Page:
On if he takes those predictions personally…

Of course, absolutely. Everybody does, the entire organization, anybody. You can talk to Bruce [Speight, senior director of media relations] and he’ll take it personal.

On if the team will prove predictions wrong…

The one thing about the regular season, you can’t hide from the fact that you are what you are and nobody runs from it.

On what Sheldon Richardson has shown in training camp…

We don’t want to put him in Canton yet but he looks pretty good. He’s an explosive guy, explosive athlete. He certainly belongs here. Loves the game. You can tell just the way he plays he is a very passionate guy. He loves playing.

On the quarterback competition…

Well, I think, with us, we think it’s going to be great competition at that spot. We don’t think there is any doubt about that. We’ve said from the beginning that certainly both guys have the tools to do it. Mark we’ve seen do it, be an effective NFL quarterback. We feel great about Geno as well. Let it play out and we’ll see what happens.

On if Smith has made any fundamental improvements…

He’s got a phenomenal quarterback coach, number one, David Lee, and then another guy that’s been around and helped build some of the top quarterbacks in this league with Marty [Mornhinweg]. That’s a great combination. So I think that’s really been good for Geno. There are a couple things we knew that he would have to improve on, like with his footwork, number one, the depth of routes and things, but he has picked that up very quickly.

On the key things Dennis Thurman is working on…

Well, again, Mike Pettine's a great coach, DT, we’re all from the same system. But here’s a guy that is, he’s so humble and all that, never put himself out there, which is good for us, because we don’t want to lose him. But from a guy that played, what, nine years in the league, missed one practice, has respect from every player that he ever competed with, with maybe the exception of Wilbert Montgomery, but everybody respects Dennis Thurman, for the player he was but also for the intangibles he brought. One of the smartest guys in the league and he has that wealth of experience that he has with the defense, the fact we’ve been side by side for how many years? At least 10, I think. So we know each other well, we’re one and the same, we think the exact same way. So I think that’s really a good thing for us.

On the impression that Ryan runs the defense and that defensive coordinator is just a title…

Maybe so, but we’ve got two other guys who went from this staff to defensive coordinators in the league, Bob Sutton and Mike Pettine obviously, they’re coordinators in the league and I’m sure it’s going to spawn off to other places. Vic Fangio’s done a pretty good job in San Francisco, I’d say, and he was with us. I think it’s good. And again, we plan on Dennis not going anywhere for a long time, but if he gets a head coaching opportunity which may be in front of him, I’m not sure, but he’s smart, he motivates, he teaches, so there’s probably no reason he can’t be a head coach.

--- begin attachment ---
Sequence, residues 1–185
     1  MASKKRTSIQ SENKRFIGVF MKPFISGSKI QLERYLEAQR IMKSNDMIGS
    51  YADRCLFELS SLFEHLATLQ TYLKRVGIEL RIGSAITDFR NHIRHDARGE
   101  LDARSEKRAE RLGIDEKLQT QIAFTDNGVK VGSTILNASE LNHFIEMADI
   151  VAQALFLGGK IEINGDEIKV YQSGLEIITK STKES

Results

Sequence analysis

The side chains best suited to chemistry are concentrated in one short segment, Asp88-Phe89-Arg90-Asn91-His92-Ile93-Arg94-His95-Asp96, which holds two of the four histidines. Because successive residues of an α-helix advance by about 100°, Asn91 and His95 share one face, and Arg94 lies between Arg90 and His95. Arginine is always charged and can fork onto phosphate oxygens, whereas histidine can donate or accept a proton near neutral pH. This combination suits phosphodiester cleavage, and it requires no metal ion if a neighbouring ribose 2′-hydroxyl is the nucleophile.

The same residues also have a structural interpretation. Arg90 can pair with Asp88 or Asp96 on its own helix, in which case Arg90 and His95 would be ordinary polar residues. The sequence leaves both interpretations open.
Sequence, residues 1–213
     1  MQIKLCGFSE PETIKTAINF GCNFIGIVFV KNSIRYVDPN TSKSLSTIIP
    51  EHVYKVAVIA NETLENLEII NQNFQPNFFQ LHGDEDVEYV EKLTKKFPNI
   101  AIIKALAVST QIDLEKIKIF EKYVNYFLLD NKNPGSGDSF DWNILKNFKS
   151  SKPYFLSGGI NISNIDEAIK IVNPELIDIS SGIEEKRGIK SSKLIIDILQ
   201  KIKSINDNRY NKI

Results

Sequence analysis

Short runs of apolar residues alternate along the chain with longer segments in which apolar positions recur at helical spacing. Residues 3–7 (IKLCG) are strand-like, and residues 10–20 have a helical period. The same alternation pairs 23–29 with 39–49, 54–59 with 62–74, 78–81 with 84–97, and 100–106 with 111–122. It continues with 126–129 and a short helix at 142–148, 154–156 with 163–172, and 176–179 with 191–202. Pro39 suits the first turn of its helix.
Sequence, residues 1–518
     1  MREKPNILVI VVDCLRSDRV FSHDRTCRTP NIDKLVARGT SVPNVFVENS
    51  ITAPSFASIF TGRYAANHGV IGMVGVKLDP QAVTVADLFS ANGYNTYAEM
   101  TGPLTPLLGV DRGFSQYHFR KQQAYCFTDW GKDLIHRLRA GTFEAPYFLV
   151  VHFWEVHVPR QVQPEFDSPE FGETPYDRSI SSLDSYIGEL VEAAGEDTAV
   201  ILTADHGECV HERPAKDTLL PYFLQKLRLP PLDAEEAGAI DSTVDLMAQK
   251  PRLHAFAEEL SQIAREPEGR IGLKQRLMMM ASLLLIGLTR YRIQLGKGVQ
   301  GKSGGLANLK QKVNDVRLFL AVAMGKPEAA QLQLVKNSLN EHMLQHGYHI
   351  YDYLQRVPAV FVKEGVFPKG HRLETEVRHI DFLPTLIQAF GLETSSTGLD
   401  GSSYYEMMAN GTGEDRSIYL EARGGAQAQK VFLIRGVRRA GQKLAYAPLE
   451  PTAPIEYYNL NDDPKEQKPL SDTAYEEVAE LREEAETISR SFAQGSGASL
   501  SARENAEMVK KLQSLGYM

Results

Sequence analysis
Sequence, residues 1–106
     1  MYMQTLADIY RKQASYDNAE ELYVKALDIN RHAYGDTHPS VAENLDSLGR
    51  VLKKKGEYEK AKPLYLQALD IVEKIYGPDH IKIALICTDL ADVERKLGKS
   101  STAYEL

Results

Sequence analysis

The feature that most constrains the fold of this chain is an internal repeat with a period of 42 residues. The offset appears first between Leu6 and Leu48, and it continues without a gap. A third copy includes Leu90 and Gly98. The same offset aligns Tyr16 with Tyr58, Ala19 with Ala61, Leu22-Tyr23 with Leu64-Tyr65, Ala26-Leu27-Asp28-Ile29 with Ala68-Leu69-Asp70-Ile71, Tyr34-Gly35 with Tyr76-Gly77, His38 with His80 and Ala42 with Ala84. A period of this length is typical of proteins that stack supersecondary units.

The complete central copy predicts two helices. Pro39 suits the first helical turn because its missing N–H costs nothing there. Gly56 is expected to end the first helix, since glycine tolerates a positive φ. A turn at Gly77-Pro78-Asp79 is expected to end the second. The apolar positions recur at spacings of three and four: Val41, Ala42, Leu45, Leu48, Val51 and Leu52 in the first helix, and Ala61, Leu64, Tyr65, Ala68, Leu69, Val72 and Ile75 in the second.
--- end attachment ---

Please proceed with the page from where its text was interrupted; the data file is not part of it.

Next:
On the impression that Ryan runs the defense…

No, I'd say that Dennis is the defensive coordinator, that’s what I’d say. But as far as installing, it’s all based on us. This is our defense, the New York Jet defense. And we do things collectively and then we just have maybe one presenter, but then the followups are by the position coaches, obviously by Dennis, and things like that. I may be the presenter, the original presenter, but certainly that’s not, and if we split up individually I certainly can’t be in every single meeting. We have a great staff, and we lean on our staff. This is us, this is our defense, just like it was when I first got here. It’s the New York Jet defense.

On if the low predictions for the team are motivating him…

That’s the really thing that’s driving me right now. You know what’s funny, though? Hey, I never thought about that. That’s fine. I hope I have to face that and you can ask me that later in the season and I’ll be like, "Yeah, darn right." But no, I’ve never really thought about it that way. I just want to win as a football team.

On if he has ever coached a team that he thought was not going to be good…

Oh, man, I mean, I'm confident. I’ve told you guys this before, I have never gone into a game I didn’t think I would win, ever. Maybe that is just the way I’m wired or something like that. Just like you're never going to enter a fight you didn’t think you would win. I think that would be, probably, not a very smart thing.

On DBs coach Tim McDonald along with Thurman…

Yeah, great combination. Unfortunately for us, those two can’t play for us now. But really, he has a lot more experience coaching than you think. He actually won a couple of state championships as a [high school] head coach in California. Then he coaches the secondary. He's got two sons, one was a second-round pick with the Rams, and another of his sons is at UCLA, and things I know, that had to be tough on him. The guy is phenomenal, there is no question. You mentioned his playing days. What was he, an All-Pro seven, eight times, something like that? So when he speaks, it’s the old E.F. Hutton deal. I mean, they’re listening. He’s a very strong man, he demands that the guys do things right, and If you don’t like it, he will put you on the ground. He is still a big man; I mean, you are going to pay attention to him one way or another.